Lead prevalence in children’s blood in Georgia - results of the national survey unveiled
During the study, samples of venous blood were collected from 1,578 randomly selected children from 2-7 years of age across Georgia
TBILISI, Georgia, 23 April 2019. In Georgia, 41 per cent of children have blood lead levels greater than or equal to 5 micrograms per decilitre (µg/dL), and among them, 16 per cent of children have blood lead levels of greater than or equal to 10 micrograms per decilitre (µg/dL). 25 per cent of children have blood lead levels between 5 - 10 μg/dL. This data, presented today, is from a nationally representative study measuring blood lead levels among children.
The study was conducted between September and December 2018 as part of the Multiple Indicator Cluster Survey (MICS), the largest household survey worldwide in which Georgia participated. During the study, samples of venous blood were collected from 1,578 randomly selected children from 2-7 years of age across Georgia, providing nationally representative indicators of lead prevalence. The blood samples were sent to the Italian National Institute of Health, one of the leading public health institutions in Europe, where they were analyzed by Inductively Coupled Plasma Mass Spectrometry (ICP MS), the most accurate method for lead testing.
“UNICEF in partnership with nine other donor organizations supported the Government of Georgia, specifically GeoStat and the NCDC, in carrying out the survey to define the magnitude of the problem”, says Gottfried Hanne, UNICEF Deputy Representative in Georgia. “We appreciate the acknowledgment of the problem by the Government, as well as the Government’s strong commitment to undertake efforts to develop short-term and long-term response strategies and actions. Identification of the sources of lead exposure should be the next step in addressing the problem”, added Hanne.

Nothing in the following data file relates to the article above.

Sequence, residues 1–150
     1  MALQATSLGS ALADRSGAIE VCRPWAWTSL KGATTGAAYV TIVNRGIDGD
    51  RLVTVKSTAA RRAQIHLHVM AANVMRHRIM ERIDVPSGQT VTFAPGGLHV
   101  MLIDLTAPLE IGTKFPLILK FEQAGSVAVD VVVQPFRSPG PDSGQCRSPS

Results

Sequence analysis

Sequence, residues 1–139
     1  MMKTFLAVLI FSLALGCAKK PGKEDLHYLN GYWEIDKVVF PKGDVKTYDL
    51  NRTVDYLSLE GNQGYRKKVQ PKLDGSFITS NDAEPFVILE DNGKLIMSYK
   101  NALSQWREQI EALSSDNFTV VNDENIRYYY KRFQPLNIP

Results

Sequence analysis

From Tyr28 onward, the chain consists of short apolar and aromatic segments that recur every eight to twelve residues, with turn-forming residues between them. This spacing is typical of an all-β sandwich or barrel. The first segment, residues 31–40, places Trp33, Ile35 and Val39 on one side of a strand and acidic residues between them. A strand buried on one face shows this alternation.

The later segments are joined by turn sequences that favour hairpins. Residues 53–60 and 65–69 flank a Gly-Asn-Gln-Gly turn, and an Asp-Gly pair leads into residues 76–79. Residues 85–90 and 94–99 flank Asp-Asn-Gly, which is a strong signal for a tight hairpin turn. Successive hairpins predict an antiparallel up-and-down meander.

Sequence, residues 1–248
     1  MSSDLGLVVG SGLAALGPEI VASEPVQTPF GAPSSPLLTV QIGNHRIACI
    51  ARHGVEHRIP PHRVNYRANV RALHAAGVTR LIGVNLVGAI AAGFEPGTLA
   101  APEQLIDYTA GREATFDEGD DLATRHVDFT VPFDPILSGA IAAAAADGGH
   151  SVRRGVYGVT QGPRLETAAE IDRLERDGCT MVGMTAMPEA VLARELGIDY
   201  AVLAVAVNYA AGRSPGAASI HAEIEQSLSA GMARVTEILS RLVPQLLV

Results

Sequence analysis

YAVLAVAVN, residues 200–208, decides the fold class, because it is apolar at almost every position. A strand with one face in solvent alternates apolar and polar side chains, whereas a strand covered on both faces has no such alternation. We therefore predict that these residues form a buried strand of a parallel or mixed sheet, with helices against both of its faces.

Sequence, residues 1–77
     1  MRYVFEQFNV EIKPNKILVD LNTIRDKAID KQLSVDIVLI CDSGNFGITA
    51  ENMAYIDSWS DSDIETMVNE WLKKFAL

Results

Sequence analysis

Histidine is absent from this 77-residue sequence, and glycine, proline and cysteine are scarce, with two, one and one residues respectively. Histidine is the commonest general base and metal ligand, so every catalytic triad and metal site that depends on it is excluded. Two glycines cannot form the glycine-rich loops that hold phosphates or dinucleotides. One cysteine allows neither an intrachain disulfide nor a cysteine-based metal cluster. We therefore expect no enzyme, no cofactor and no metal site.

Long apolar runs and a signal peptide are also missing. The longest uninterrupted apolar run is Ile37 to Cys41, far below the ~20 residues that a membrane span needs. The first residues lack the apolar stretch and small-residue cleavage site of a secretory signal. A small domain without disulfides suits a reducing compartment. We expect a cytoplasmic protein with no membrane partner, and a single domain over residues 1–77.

There is no known level of lead exposure that is considered safe for human beings. Yet, a measurement of 5 micrograms per decilitre (µg/dL) of whole venous blood is the reference level at or above which the WHO recommends initiating public health actions.
The Government is planning to develop a multiyear plan envisaging identification of the major sources of lead exposure, and developing short, medium, as well as long term measures to neutralize, isolate and manage lead contaminated sites. The Government also plans to prevent market circulation of lead contaminated products and conduct public awareness campaigns.
The MICS was implemented in Georgia by the National Statistics Office (GeoStat) with technical and financial support from UNICEF and the National Centre for Disease Control and Public Health (NCDC). Significant financial and/or in kind contributions to the survey are also provided by SIDA, USAID, AFD, SDC, UNFPA, UNDP, WHO, the World Bank, and the Italian National Institute of Health.
UNICEF promotes the rights and wellbeing of every child, in everything we do. Together with our partners, we work in 190 countries and territories to translate that commitment into practical action, focusing special effort on reaching the most vulnerable and excluded children, to the benefit of all children, everywhere.
For more information about UNICEF and its work for children, visit www.unicef.org.